Last week, Ranta was released from the maximum-security prison in which he’d spent nearly 22 years, after almost every piece of evidence used to convict him fell away. The New York Times reported that the lead detectives on the case “broke rule after rule” — they “kept few written records, coached a witness and took Mr. Ranta’s confession under what a judge described as highly dubious circumstances.”

 Last Friday, just a day after he was released, Ranta suffered a serious heart attack.

With Ranta’s case in mind, we’ve rounded up some of the best reporting on wrongful convictions.


Trial By Fire, The New Yorker, September 2009
In 2004, Texas executed Cameron Todd Willingham, an unemployed mechanic from Corsicana who had been convicted of killing his three children 12 years earlier by setting fire to his house. But as The New Yorker’s David Grann reports, the arson investigation findings that the prosecutors used to convict Willingham were based on “junk science,” according to a highly acclaimed fire investigator. The jailhouse informant who testified against him was unstable and had a history of addiction and mental illness. The year after Willingham’s execution, a fire scientist hired by a state commission concurred that the original investigators had no scientific basis for claiming the fire was arson.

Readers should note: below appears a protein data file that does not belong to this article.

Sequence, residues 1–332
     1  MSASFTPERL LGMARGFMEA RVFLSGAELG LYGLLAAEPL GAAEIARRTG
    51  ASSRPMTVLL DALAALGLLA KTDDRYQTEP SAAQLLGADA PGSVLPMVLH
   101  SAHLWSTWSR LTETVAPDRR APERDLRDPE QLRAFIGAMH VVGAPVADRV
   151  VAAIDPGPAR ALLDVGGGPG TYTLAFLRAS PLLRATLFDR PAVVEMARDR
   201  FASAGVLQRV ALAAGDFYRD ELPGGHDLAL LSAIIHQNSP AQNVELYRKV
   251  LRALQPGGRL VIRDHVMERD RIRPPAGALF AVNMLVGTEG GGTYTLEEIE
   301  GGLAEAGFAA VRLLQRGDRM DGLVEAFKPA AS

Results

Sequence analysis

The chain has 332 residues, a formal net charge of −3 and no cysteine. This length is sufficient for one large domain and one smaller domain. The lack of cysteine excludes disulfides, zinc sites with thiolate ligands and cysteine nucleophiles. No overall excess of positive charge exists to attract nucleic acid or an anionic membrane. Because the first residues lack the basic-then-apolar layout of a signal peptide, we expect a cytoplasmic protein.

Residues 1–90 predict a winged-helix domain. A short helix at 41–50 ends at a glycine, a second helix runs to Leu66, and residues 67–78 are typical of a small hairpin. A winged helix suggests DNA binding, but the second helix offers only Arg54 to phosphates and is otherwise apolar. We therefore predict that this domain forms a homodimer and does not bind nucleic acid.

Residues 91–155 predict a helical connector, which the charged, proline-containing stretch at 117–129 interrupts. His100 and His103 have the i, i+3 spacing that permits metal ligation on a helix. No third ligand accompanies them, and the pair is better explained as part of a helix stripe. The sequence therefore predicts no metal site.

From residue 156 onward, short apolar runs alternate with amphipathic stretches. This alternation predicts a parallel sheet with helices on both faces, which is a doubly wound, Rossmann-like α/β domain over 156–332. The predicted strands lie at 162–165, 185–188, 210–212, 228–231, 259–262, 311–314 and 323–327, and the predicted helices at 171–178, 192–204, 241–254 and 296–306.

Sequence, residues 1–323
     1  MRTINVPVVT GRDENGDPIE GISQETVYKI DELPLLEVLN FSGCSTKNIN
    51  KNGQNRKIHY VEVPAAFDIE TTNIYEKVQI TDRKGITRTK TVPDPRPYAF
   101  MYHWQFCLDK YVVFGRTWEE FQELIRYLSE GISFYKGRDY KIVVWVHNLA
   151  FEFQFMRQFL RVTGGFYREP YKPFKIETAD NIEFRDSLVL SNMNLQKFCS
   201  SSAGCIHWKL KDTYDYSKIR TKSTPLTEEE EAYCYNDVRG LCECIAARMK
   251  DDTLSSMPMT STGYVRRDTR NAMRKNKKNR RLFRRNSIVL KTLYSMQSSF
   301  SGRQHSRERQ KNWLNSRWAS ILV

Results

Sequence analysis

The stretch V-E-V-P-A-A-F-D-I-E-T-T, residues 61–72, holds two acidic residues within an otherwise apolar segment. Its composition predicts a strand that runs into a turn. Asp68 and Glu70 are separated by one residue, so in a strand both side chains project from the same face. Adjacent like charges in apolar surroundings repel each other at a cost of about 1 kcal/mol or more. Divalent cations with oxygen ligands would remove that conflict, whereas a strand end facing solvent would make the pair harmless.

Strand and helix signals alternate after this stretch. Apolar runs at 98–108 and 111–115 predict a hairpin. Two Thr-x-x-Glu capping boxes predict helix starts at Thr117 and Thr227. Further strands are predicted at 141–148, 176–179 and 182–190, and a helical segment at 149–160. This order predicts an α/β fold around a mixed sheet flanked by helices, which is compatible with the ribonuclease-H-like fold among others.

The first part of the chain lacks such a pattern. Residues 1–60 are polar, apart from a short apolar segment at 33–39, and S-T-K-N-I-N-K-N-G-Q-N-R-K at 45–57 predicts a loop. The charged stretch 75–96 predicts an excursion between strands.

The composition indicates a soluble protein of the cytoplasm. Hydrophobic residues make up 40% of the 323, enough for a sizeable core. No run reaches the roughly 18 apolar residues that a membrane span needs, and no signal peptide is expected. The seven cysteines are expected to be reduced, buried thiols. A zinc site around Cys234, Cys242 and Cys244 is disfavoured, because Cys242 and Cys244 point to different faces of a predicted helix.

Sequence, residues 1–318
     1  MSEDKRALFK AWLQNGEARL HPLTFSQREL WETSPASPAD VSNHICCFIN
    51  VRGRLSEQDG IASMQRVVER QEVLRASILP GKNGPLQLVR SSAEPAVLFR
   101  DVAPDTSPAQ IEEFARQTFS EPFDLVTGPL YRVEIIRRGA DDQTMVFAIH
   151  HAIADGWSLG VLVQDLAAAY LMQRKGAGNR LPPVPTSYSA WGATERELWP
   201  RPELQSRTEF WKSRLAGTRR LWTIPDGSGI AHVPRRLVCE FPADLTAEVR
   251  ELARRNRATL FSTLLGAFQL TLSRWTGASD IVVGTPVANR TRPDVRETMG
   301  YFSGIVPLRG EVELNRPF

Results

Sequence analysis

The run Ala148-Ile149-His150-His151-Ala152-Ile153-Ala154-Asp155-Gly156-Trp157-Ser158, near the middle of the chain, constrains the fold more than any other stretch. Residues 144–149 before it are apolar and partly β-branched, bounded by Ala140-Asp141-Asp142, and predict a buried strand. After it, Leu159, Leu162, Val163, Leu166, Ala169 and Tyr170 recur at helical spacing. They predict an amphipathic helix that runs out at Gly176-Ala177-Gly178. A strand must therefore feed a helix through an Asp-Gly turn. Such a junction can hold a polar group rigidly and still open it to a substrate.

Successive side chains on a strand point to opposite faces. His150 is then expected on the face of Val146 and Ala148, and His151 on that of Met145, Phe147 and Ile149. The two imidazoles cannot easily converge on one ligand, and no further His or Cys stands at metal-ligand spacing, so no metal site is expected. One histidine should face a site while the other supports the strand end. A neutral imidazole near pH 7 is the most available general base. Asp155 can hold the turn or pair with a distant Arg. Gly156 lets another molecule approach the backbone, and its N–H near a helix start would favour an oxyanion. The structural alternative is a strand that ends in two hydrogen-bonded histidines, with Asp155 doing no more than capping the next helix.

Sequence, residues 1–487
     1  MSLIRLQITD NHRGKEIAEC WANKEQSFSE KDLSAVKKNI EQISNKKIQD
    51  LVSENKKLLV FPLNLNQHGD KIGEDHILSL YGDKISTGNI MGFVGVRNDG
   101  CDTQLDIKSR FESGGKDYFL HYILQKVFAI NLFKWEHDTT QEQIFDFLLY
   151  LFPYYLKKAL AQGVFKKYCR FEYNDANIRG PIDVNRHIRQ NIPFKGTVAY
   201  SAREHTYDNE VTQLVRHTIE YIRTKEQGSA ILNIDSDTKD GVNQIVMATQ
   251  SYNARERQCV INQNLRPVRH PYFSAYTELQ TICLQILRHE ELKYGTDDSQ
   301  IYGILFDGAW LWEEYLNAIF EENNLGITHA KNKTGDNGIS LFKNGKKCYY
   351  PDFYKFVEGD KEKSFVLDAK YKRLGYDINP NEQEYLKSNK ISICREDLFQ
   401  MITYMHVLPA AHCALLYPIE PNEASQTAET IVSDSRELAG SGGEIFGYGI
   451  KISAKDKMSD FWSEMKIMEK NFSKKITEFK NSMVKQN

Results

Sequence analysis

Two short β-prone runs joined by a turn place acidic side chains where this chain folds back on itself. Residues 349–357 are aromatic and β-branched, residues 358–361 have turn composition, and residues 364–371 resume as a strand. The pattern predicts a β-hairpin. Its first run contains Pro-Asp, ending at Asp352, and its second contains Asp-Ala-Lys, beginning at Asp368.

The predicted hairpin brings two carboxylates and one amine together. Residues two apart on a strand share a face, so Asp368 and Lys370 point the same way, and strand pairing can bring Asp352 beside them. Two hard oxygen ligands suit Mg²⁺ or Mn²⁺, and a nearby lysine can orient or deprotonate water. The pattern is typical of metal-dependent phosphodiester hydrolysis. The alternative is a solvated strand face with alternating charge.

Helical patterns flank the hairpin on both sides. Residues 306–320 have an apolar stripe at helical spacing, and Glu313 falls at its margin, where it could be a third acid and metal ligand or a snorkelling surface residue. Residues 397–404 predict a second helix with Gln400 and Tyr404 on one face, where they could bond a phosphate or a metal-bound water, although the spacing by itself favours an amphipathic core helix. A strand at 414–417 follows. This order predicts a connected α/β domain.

Are Memphis Prosecutors Trying to Send an Innocent Man Back to Death Row?, The Nation, March 2013
Timothy Terrell McKinney is facing his third trial for the murder of an off-duty police officer in Memphis. His first case was overturned after the prosecution suppressed evidence that questioned McKinney’s guilt. Multiple testimonies now suggest it would be near impossible for McKinney to have committed the murder. But as one local put it, “when it’s a police officer killed here in Memphis, you know, they quick to nail somebody.”

Defendants Left Unaware of Flaws Found in Cases, The Washington Post, April 2012
In the 1990s, reviews by the Justice Department found shoddy testing in FBI labs was producing unreliable evidence. But that news failed to make its way to defendants who may have been wrongfully convicted based on flawed forensics. “Hundreds of defendants nationwide remain in prison or on parole for crimes that might merit exoneration [or] a retrial,” the Washington Post found.